Historical Research on Show in Sydney All This Week

Conference sign stating name of conference

The Australian Historical Association conference is being held this week at the University of Sydney. Photo by Julie-Ann Robson

This week we can get a peek at the themes and topics will be in the histories we will be reading over the next few years.It is the week for the annual festival of history, more soberly known as the conference of the Australian Historical Association.

I have done a preliminary scan of the conference programs and the abstracts of papers to be presented at parallel sessions and in this post will share an overview of the conference.

Not surprisingly the words surrounding the issues of race, empire and colonialism in history dominate the abstracts. A perennial topic of interest at these conferences is the post-settlement history of Aboriginal Australians as well as other topics surrounding colonial life in Australia. We had a great plenary panel last week at the Global Digital Humanities conference on ‘Indigenous Digital Knowledge‘ which featured Australian Aboriginal academic researchers, including the Aboriginal historian, Julia Torpey. I wonder how many Aboriginal historians will be presenting at this year’s conference?

This theme is also reflected in the keynote presentations. If you are in Sydney this week, book now for a public lecture by leading Australian historian, Ann Curthoys. She will be speaking about ‘Race, Liberty, Empire: The foundations of Australian political culture’. This is a free event held at 5:15pm on Wednesday at the City of Sydney Library. Curthoys has written books such as Freedom Ride: A Freedomrider remembers, How to Write History that People Want to Read (co-written with Ann McGrath), Is History Fiction? (co-written with John Docker), and she has co-edited Connected Worlds: History in Transnational Perspective (free via ANU Press and a great read). This is a great chance to hear an Australian author talk about the kind of history she writes. Continue reading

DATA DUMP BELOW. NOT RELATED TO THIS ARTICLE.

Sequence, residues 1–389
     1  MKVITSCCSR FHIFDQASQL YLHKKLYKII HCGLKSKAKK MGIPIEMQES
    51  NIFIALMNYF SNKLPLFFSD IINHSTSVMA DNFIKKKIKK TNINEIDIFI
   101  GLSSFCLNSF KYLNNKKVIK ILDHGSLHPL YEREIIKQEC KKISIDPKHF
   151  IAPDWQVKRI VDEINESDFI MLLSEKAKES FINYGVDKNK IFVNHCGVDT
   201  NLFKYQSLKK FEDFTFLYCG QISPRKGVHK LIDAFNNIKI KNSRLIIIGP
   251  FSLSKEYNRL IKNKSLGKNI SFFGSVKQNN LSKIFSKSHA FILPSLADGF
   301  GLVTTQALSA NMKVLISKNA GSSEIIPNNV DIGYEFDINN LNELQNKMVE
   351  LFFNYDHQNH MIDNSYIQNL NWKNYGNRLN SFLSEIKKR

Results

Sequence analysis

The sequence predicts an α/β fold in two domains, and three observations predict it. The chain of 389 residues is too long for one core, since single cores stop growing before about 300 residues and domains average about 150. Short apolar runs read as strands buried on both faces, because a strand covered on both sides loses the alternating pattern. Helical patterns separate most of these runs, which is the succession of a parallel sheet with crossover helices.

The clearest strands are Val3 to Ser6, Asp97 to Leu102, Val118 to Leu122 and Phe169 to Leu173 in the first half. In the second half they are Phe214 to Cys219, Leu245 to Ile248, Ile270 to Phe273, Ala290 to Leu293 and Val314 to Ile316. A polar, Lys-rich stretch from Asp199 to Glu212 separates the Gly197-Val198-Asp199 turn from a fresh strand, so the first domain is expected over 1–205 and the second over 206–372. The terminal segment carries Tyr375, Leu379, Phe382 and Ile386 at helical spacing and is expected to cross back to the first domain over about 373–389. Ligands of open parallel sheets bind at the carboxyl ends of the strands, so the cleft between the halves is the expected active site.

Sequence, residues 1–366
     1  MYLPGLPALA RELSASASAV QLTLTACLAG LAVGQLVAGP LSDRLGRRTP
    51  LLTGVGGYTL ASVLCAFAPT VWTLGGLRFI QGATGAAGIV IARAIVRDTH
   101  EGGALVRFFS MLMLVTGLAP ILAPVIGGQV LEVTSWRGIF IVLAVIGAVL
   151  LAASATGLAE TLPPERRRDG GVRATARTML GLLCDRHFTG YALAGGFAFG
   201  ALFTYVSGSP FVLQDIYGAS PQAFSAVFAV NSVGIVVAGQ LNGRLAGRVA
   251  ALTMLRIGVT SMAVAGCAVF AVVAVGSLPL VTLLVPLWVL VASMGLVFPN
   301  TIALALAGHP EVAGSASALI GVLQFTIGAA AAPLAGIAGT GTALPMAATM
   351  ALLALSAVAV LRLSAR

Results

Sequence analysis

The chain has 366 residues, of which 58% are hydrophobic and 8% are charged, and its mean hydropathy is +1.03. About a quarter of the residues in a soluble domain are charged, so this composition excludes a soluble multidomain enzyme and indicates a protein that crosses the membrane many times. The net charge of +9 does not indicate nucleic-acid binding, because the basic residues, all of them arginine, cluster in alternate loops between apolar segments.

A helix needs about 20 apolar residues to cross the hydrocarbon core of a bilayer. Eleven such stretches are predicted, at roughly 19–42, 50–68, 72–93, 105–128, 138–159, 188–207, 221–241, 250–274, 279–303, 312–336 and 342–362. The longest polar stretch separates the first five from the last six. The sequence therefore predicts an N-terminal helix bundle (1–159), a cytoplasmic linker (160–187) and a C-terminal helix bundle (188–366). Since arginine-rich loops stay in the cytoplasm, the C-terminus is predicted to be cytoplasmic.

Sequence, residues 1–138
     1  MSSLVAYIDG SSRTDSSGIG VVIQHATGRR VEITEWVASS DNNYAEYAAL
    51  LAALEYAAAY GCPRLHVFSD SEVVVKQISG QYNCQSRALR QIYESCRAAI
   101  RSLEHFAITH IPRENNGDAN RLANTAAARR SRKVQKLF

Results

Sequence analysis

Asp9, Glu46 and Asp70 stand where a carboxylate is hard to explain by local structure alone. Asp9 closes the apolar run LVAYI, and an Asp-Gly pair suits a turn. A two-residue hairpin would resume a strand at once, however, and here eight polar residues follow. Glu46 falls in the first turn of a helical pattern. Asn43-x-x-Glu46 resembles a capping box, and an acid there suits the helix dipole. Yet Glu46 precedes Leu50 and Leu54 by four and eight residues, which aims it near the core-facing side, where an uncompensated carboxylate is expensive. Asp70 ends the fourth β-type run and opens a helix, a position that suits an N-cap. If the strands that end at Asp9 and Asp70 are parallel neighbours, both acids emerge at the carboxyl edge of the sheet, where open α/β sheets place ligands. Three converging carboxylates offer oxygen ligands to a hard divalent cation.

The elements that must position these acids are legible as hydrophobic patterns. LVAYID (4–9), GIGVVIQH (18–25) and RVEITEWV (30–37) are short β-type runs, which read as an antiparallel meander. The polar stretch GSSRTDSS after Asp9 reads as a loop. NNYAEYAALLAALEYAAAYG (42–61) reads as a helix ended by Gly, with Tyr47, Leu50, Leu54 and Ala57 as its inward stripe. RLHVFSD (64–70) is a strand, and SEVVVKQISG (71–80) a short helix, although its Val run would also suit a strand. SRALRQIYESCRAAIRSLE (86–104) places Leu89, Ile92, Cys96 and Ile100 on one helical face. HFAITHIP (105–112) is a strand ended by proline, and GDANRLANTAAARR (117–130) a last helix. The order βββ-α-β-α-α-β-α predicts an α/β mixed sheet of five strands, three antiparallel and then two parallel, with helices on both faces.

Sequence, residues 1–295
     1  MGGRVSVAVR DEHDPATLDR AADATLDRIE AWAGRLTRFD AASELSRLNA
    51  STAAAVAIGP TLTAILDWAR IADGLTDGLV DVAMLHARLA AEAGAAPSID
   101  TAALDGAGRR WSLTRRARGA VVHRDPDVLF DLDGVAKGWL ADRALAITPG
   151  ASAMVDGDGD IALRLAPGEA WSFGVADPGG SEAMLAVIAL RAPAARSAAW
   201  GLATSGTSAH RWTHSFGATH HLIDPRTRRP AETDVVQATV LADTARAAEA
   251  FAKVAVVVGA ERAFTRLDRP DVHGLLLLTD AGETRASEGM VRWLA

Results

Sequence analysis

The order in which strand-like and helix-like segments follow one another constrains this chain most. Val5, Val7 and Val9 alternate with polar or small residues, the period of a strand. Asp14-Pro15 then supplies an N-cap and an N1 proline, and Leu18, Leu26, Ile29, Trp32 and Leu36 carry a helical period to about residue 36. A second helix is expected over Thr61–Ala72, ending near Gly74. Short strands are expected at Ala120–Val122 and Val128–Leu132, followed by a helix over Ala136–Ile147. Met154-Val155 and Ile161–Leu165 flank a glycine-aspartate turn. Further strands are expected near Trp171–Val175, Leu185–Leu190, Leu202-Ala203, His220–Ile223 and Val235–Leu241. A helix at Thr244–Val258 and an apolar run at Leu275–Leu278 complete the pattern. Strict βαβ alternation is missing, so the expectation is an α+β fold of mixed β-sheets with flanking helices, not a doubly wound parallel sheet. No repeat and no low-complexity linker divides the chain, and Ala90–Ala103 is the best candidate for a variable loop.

Conference, Hack, Conference

An Aussie Rules football match earlier this year in western Sydney. This is where I segue into a comment relating to the conferences but really, I don't think any of the international attendees at the conference at University of Sydney this week will be attending a footy match.

An Aussie Rules football match earlier this year in Western Sydney between Greater Western Sydney and Hawthorn. This is where I should segue into a comment relating to the conferences but really, I don’t think any of the international attendees at the conference at University of Sydney this week will be attending a footy match. I could also make a comment about attendees kicking goals and being ‘on the ball’ but that has been done before. I’ll be honest, I couldn’t find a photo that related to the subject matter.

Today I am embarking on a crazy eleven days. This week I am attending the International Digital Humanities Conference at the University of Western Sydney. When that ends on Friday, I then head to the State Library of NSW for the weekend of the GovHack competition. I’ll be there throughout the weekend extracting a variety datasets about World War I as part of a team which will produce something online which will help people gain greater insights into an aspect of the history of the War. Then on Monday 6th July the annual Australian Historical Association conference commences. I am delivering a paper at this conference.